Top Three Application Tips from Current Data Schoolers

by Sophie Sparkes

On 16 March we ran an 'Applications Special' Meet and Greet event where current Data Schoolers talked about their Data School applications and shared their top application tips. This blog post was written by Henry Mak one of the Data Schoolers who presented his top tips. You can watch the whole Application Tips Special session on YouTube.

Looking for tips for your application to The Data School? You’ve come to the right place! A few Data Schoolers recently shared some of their advice to help you make your application dashboards as strong as possible. In this blog post, we will go over their top three tips and more.

Top Three Tips

Tip 1: Get feedback

In order to improve what you’ve created, you must get feedback. Get feedback from as many people and from all sorts of people, whether they are an expert in your topic or not. It also helps to get critique from anyone who may not have high data-literacy, to see if they understand what you’re trying to convey. Another alternative is to utilise the large and active #datafam community on Twitter, who will surely lend you some of their eyes. Remember that current Data Schoolers and The Information Lab will always provide you with feedback, if you ask.

In any case, don’t be such a perfectionist that you don’t submit your work for feedback until it's 100% done. It’s often better to seek feedback earlier and more often.

Tip 2: Interrogate and understand your data

One of the components being tested are your analysis skills. A tip to make this process easier is to interview your data and really dig into it. For example, you could use the 5 W’s and 1 H technique where you come up with questions starting with:

  1. Who…
  2. What…
  3. When…
  4. Where…
  5. Why…
  6. How…

Tip 3: Sketch it out

Go old school and sketch your ideas out! Whether on paper, on a whiteboard or digitally – these sketches don’t have to be magnificent. By creating sketches you can see how everything lines up in the way it looks and it also allows you to quickly pivot your ideas. Remember, there’s usually more than one way to visualise the data (although some are more effective than others). Finally, sketching can also assist you in creating a coherent narrative flow for your dashboard.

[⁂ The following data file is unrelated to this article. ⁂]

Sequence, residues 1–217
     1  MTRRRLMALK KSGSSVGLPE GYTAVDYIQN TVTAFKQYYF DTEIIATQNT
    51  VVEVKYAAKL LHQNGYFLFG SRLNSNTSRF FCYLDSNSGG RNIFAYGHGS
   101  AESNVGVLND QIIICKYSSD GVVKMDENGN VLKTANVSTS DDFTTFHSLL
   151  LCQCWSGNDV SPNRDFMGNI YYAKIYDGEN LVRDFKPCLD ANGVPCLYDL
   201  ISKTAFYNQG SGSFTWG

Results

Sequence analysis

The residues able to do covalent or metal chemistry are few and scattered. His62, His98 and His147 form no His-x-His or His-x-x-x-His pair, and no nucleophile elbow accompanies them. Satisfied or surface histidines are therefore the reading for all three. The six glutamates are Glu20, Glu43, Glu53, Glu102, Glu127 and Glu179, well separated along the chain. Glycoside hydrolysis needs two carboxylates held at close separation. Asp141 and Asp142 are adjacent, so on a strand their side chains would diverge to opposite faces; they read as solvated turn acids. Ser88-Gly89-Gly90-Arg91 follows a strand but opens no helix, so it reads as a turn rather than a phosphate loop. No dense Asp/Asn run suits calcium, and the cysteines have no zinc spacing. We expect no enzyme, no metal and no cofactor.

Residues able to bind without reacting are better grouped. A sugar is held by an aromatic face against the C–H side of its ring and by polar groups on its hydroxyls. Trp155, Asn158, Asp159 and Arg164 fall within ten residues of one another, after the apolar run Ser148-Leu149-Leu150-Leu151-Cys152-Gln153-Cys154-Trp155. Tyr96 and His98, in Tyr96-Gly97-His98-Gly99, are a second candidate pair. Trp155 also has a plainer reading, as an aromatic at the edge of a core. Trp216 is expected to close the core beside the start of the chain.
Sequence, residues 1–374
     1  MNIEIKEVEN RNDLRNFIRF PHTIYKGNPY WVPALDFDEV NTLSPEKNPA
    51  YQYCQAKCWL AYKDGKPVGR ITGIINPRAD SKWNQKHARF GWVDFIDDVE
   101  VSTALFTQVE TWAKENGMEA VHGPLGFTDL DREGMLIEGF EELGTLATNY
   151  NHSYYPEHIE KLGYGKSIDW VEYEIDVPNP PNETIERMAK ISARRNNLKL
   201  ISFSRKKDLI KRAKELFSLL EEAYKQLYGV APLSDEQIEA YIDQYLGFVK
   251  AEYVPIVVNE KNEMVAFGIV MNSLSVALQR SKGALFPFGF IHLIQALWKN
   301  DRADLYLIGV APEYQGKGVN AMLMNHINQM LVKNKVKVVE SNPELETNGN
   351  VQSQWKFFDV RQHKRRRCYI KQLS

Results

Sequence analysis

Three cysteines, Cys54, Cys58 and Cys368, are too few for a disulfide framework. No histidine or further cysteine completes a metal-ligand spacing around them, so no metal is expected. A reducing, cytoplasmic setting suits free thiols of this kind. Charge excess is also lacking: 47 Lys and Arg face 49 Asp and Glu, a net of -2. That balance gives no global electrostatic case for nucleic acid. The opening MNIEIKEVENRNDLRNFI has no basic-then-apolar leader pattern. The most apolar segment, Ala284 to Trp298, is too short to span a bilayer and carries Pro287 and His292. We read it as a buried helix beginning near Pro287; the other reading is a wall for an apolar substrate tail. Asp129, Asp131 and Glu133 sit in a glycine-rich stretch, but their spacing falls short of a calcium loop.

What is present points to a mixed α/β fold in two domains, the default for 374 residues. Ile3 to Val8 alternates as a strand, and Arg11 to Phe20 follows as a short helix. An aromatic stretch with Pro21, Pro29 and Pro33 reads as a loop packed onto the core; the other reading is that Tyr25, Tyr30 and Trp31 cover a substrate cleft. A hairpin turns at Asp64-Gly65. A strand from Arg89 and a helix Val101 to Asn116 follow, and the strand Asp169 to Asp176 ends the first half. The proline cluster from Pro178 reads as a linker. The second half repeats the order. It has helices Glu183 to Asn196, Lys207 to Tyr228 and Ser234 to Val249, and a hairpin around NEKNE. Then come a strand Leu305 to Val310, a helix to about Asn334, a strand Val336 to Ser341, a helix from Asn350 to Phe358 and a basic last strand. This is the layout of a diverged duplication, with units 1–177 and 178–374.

Even More Tips!

As well as these top three tips, here’s a collection of the other tips from our Data Schoolers

Alisha Dhillon

  • Create a dashboard on what you know. Your passion really translates in your work and also your interview
  • If you want some inspiration, search for 'dashboard week' on the DS blog
  • Give credit, for example the data set source, in the footer of your dashboard

Garth Turner

  • Your colour choices make a lot of difference and there’s a lot of things to consider, for example how it looks, and also colour blindness. If you're not confident that your current colour palette works then use a colour palette generator tool like

Henry Mak

  • Get to know your data and really understand the context. Try to become a subject expert and read around the topic. Doing this will help out your analysis and your confidence in the interview. You may even discover something new to explore/investigate in your data
  • Don’t cram your dashboard with text. It should be short and informative. This is due to the nature of the interview where it is a presentation rather than you reading what you have written

Adam Ratcliffe

  • Creating a complex dashboard doesn’t necessarily mean it’s better. What you should aim for is a clear visualisation that is easy to understand and answers the questions you're asking of the data. Don’t underestimate a bar chart, scatter plot, or line chart
  • Understand and remember that feedback isn’t personal. You can always ask for clarification on feedback if you don't understand it, or want to know the reason why that specific bit of feedback was given

Hannah Murphy

We hope these tips have been helpful. Good luck!! If you made it this far, then we think you’d enjoy some of the links given below.

Useful links:

Alisha: First Stage Application | Tableau Public

Garth: First Stage Application | Tableau Public

Henry: First Stage Application | Tableau Public

Adam: First Stage Application | Tableau Public

Hannah: First Stage Application | Tableau Public
Other successful applications


Sophie Sparkes

Wed 01 May 2019